The Break Presents: Caleborate
The amount of new talent in The Bay Area right now is ridiculous. Ezale, Nef The Pharaoh and Kamiyah are just some of the names that are getting major looks in their direction. Another artist doing his thing out West is rapper Caleborate, who had one of the most slept-on projects of the year with his 1993 album. The 14-track LP was crafted well and showed off his creativity. For the 23-year-old MC, the album changed the way he made music.
"Making that project was cool and stressful," he tells XXL over the phone. "I learned a lot. Sitting with a record is very important, sitting with the beat is very important, listening to it and figuring out how does it feel, asking question and being more focused on making sure that the record feels good and that it sounds right. I have a white board now because of that project and now I write down all the things that I feel and think and see in the world and then I figure out what I want to use. That’s the way now I go about working on songs. It’s better than what it was before because it’s more structured and my workflow more natural."
The growth from his earlier project Hella Good to 1993 is very evident, with the latter being a more polished body of work. Caleborate, born Caleb Parker, is finding his sound. Read up on him now before he takes off.
Hometown: Originally from Sacramento, rapping out of Berkeley
I grew up listening to: “Everything, but it was like stages for me. It was a stage where I would listen to only what my parents would listen to. I was born in the 1990s, so I caught like R&B at its golden age and new jack swing. As I hit my teen years I started digging through my parents CDs and finding like Dwele and that’s where I found Kanye West and Jay Z.
"When I started getting old enough I started digging for my own shit and that’s when I started getting into Gym Class Heroes and rock and roll, Little Dragon, just a ton of alternative music. I guess as I kid I grew up mostly to neo-soul, probably.
"When I was 14 my older brother came home from his first year in college. He still makes music today going by Cash Campain. He went to the studio with one of his boys. It was summer when he was back in town. They were in the studio working on a song for two, three days. They were playing a beat and were like, 'Let me see if you can rap over it.' I wrote some pretty corny 14-year-old rap. It was pretty bad but it was my first experience writing a rap and hearing it come out [laughs].
"I just started fucking around with it after that. I would be in the shower thinking of raps, get out the shower and write it down in my notebook. I started jogging very early in my life and [after a run] I would start writing shit when I came home because I had too many ideas in my head. This all started from there, being in the studio with my brother pushing me to rap over a beat.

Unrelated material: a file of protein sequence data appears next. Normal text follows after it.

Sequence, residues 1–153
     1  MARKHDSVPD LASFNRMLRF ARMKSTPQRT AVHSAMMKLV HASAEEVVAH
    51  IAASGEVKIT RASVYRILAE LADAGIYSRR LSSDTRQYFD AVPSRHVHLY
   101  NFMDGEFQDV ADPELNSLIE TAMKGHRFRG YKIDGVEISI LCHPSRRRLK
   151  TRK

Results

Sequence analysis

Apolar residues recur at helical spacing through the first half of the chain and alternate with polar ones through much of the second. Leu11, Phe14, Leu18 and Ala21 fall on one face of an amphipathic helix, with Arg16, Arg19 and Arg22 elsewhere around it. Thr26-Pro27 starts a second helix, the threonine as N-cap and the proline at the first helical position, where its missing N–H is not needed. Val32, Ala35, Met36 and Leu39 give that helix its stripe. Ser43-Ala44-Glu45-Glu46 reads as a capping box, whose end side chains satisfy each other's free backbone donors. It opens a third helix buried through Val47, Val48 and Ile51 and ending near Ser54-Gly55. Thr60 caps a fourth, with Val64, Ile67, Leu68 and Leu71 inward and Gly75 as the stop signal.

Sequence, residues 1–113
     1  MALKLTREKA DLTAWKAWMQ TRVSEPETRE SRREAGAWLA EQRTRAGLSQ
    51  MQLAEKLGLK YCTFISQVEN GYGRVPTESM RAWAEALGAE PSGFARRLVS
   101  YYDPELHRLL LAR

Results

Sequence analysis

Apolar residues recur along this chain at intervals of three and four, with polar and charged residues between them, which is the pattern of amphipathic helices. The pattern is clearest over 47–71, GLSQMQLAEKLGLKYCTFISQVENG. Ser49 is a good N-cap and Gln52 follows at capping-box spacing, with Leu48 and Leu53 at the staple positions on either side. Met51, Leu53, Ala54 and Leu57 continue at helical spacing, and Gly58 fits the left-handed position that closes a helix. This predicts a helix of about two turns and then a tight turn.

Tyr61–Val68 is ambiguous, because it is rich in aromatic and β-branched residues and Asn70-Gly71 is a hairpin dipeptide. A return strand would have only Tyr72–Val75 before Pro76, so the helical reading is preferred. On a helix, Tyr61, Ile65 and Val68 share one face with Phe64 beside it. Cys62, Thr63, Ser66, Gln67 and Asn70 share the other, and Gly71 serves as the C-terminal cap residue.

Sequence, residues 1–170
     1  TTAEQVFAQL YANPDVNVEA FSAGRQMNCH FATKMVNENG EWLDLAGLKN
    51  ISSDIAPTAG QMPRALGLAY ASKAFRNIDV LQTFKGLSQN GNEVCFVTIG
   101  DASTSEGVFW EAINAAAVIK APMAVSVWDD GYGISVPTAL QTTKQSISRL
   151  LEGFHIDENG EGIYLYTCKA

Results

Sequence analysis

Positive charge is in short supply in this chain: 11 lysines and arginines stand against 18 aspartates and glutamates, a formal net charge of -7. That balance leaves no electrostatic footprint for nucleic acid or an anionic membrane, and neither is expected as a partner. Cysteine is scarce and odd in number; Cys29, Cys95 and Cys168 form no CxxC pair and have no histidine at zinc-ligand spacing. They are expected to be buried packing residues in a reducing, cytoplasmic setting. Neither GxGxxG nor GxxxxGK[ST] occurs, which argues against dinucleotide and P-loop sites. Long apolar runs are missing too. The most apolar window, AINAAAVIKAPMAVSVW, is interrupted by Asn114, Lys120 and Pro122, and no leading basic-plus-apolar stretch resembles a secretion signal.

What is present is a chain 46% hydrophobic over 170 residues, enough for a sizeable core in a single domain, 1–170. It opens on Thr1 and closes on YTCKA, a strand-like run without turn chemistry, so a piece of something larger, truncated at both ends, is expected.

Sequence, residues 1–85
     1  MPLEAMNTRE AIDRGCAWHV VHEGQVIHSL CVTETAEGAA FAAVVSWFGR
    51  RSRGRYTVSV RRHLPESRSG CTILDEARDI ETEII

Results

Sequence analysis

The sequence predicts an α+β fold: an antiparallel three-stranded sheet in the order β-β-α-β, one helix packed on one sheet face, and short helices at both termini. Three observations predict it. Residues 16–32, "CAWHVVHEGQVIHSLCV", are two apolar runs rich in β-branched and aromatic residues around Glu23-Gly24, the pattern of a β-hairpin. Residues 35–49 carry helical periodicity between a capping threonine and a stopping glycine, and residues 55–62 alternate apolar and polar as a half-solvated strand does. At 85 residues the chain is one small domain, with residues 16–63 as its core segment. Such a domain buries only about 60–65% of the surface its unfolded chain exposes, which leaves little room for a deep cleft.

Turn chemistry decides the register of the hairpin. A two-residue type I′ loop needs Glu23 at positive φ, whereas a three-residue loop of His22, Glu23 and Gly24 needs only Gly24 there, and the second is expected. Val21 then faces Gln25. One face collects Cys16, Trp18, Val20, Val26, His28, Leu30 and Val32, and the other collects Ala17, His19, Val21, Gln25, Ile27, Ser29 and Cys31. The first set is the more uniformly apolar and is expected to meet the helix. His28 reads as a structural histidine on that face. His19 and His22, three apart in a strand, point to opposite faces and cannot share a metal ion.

"When I was 17, I decided that this is what I ultimately wanted to do in my life. When I was 17, I started making songs and going to the studio for the first time; going in to a real studio and punching in and out. Just understanding the recording process. And then I realize that if I wrote something I could take it to the studio, record it and it can actually become a song. When I got a collection of seven or eight songs, I put out this burned CD mixtape and gave it to my friend in high school. I realized I could actually do music for real. I just started taking it more serious after my senior year in high school."
Most people don’t know: “There’s hella shit people don’t know about me. As charismatic as I come off, I’m charismatic onstage and when I meet people but in all actuality I’m very introverted. I like to be in my own space with my friends or alone. I like being alone a lot. I think it would surprise people how anti-people I am. I’m also very into soccer, very seriously into soccer. I watch it, I play it and I love it."
My style’s been compared to: “I think people compare me to J. Cole or Kendrick Lamar because they are the most notable important rappers in today’s game who aren’t trap rappers. They’re not triple time rappers or internal rhyme rappers, they are lyricists.
"I’ve been listening to my shit, especially my new shit, and I’m like, Damn, do I even sound like the artists that I idolized growing up any more? I feel like I'm starting to find my own style and my own sound. I think I’m starting to sound more and more like myself."
My standout records or moments to date have been: “My biggest song statistically has to be 'Want It All' but I think the best moment of my career is personally for me was doing a whole headlining tour. That was big for me. I feel like not a lot of people are able to do that. To be able to go on your own tour is pretty incredible and it worked out really well."
My goal in hip-hop is to: “I want to be hella successful and famous and make money but I don’t know. Before all of that it would be to actually reaching people and making people feel. When you play a good song, you’ll feel it. You don’t even have to listen to it you just feel it. I just want to make music that makes people feel something, even if the song is like eight words."
I’m gonna be the next: “The next revolutionary. I say revolutionary because I’m a Gemini and I just know myself. I’m not very good at not saying what I feel. There’s shit to me that happens in the world that I feel like if you’re an artist, a celebrity or entertainer and you have that platform, there’s a lot of shit that should be talked about."
Follow Caleborate on Twitter and SoundCloud.
"Want it All"
Here Are the 50 Best Hip-Hop Projects of 2016